As mentioned above, the two-condition valve is preferred, in which one of the two conditions is controlled by a main spring. In order to provide the necessary selective control, the valve is conveniently a plate valve and a light spring acts between the plate of the valve and a second plate or similar member, the position of which is controlled by a piston acted on by the oxygen pressure so as to be moved closer to the first plate, thus compressing the light spring and bringing into action the main spring which also extends between the two plates and is shorter than the light spring. When the oxygen supply is no longer required the piston needs to be returned to its initial position by means of a spring and this same effect would therefore occur if there were a failure of the oxygen supply. This would prevent the main spring having the desired effect of making breathing difficult for the user in the event of oxygen failure so as to give warning of anoxia danger. To avoid this risk a spring-operated latch may be provided for holding the piston in the position to which it is moved by the oxygen pressure. When the oxygen supply is deliberately disconnected, this latch can be released manually to allow the piston to return. If the oxygen supply fails, however, the piston will remain latched in position and the necessary warning of anoxia danger will be given.
A construction of respirator in accordance with the invention will now be described in more detail, by way of example, with reference to the accompanying drawings, in which:
FIG. 1 is an external view of the respirator showing the various associated components;
FIG. 2 is a diagrammatic view partly in section showing the arangement of valves in the respirator;
FIG. 3 is a sectional view to a somewhat enlarged scale showing an alternative condition of the valve illustrated in FIG. 2; and,
FIG. 4 shows a modification of part of the valve shown in FIG. 3.
Turning first to FIG. 1, the respirator proper is indicated as 1 and is in the form of a hood which fits completely over the head of the wearer and has a flap, part of which is shown as 2 which extends over the shoulders of the wearer and also at the back and front. The respirator includes a harness, part of which is seen at 3 and this also supports a pair of filtration canisters 4 connected by lines 5 to the inlet of a mechanical blower 6. This blower is powered by an electric motor which is normally intended to be supplied via a connection 7 from the aircraft supply. As an alternative, however, a battery 8 is included which is connected to the blower 6 by a quick-release bayonet connection 9. Both the blower 6 and the battery 8 are also supported by the harness 3. The output from the blower 6 passes via a line 10 to the hood which it enters by two separate branches l1 and 12, the first passing to the interior of the hood and the second to an oro-nasal mask 13. The outlet from the mask 13 is shown as 14 but a proportion of the air supplied to the interior of the hood passes outwardly between the flap 2 and the body of the wearer and any other leakage paths which may exist so as to prevent any inward flow from the atmosphere. The remainder of the air passes outwardly through an excess pressure relief valve 15. Other parts also seen in FIG. 1 are an oxygen connection 16, a communcation connection 17 and a test connection 18.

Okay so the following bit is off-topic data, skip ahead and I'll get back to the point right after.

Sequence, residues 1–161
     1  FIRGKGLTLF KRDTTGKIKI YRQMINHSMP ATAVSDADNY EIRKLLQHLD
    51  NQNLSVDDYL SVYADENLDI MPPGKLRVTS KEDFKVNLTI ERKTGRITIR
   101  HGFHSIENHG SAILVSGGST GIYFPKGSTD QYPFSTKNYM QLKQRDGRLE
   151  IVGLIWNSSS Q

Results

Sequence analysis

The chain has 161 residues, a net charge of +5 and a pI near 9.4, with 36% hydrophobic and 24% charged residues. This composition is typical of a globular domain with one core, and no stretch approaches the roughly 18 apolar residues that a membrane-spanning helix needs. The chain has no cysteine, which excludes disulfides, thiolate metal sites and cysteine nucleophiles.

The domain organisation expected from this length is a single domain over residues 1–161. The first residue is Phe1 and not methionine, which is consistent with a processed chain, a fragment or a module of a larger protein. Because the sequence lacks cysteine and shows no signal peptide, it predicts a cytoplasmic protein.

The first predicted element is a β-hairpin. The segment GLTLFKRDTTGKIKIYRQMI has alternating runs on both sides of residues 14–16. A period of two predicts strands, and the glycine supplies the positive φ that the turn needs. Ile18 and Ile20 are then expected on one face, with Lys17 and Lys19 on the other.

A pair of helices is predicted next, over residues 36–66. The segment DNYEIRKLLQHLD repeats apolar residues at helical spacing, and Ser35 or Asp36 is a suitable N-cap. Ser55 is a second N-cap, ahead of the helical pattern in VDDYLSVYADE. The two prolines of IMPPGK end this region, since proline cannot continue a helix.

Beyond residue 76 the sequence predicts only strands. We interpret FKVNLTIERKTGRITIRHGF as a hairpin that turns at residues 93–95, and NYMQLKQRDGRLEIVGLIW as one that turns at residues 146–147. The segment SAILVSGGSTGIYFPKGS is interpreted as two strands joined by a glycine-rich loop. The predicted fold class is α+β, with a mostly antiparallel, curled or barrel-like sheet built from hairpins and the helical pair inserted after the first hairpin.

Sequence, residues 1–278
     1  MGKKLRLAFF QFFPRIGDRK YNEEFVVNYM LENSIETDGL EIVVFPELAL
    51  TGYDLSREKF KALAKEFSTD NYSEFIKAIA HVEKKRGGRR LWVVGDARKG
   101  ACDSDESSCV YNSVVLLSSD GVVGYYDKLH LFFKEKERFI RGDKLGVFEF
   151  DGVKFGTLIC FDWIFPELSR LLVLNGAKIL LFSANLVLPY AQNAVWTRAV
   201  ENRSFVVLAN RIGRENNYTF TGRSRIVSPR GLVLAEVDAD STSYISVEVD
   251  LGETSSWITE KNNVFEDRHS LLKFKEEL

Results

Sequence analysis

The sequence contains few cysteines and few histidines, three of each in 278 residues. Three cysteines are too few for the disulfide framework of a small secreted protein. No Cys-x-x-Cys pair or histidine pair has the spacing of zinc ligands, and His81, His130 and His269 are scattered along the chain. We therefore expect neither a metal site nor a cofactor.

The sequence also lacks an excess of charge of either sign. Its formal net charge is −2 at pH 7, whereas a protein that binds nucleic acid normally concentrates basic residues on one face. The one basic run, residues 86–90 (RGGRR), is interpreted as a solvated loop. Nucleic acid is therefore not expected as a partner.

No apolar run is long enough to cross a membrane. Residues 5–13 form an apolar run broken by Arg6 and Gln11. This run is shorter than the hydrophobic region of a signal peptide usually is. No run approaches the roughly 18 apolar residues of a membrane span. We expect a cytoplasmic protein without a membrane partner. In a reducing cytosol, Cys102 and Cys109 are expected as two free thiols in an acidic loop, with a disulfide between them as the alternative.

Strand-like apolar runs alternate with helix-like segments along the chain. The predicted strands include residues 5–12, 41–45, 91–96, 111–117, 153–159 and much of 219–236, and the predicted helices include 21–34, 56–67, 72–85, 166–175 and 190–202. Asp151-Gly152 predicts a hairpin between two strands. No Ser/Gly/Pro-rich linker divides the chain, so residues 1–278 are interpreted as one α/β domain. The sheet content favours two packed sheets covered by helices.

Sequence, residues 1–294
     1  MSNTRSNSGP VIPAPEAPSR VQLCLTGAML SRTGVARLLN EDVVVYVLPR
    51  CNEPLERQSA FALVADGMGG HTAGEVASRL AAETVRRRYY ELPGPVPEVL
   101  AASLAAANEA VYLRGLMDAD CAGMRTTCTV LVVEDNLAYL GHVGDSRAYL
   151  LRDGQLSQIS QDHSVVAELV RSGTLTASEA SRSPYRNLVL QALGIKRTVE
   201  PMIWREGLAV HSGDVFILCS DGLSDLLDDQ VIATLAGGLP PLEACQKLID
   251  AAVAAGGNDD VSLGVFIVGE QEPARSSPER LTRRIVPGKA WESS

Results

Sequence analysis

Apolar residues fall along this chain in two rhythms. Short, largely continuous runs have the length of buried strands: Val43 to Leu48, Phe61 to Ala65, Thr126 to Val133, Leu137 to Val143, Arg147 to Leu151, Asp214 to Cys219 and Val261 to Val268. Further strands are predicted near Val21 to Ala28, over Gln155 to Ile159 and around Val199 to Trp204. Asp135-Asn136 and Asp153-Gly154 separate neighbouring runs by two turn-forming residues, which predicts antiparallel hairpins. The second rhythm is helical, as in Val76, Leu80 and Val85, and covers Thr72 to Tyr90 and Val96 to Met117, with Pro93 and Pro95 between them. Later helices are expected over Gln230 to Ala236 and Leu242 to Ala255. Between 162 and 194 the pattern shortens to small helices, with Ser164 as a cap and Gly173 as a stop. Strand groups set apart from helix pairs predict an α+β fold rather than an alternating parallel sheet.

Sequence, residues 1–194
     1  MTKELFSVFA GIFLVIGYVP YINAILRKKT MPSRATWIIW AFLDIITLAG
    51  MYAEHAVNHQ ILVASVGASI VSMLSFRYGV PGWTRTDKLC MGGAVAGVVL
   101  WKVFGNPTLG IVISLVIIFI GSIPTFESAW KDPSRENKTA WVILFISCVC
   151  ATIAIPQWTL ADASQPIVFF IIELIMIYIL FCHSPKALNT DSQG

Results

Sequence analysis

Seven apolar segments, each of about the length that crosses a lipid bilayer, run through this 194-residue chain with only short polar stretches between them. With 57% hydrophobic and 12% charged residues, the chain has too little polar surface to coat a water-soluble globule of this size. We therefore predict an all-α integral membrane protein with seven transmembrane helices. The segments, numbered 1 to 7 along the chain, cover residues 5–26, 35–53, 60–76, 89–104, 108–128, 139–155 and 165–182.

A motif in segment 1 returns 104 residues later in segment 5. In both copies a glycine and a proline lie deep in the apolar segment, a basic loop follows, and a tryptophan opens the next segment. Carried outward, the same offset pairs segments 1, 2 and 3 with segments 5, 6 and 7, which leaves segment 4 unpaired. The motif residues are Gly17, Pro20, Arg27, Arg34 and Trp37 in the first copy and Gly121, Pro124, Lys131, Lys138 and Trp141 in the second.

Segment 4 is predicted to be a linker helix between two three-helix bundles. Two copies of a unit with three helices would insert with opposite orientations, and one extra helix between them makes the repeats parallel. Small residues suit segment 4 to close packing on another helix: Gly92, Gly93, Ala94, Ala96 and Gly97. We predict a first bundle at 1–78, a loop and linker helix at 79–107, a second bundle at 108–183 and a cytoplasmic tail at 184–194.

In operation, the blower 6 normally draws air inwardly through the filtration canisters 4 and supplies the air via the line 10 to the two branches of the inlet connection 11 and 12. FIG. 2 illustrates the various valves controlling the inlet of air and oxygen to the interior of the hood 1 and also the outlet valve 14 for air or oxygen from the oro-nasal mask 13. Under normal operating conditions, the air passing along the line 10 splits between the branches 11 and 12, that passing along the branch 11 then passing through a non-return inlet valve 20 and into the interior of the hood 1 to provide positive pressure within the respirator as already described. The air passing into the branch 12 passes through a non-return valve indicated generally as 21 and then via a connection 22 to the mask 13. After res piration the air passes outwardly along a connection 23 and then through a non-return valve 24 to the outlet 14. When oxygen is supplied along the line 16, the valve 21 is effectively closed, as will be described in more detail later, so that all the air from the blower 6 passes along the branch 11 and into the interior of the hood to provide the positive pressure. The oxygen in the line 16 is under high pressure which is reduced to a value suitable for respiration by an oxygen regulator 28 from which oxygen flows to the mask 13 along the connection 22. Oxygen under pressure also flows along a branch line 29 to control the alternative action of the valve 21 as will now be described in more detail.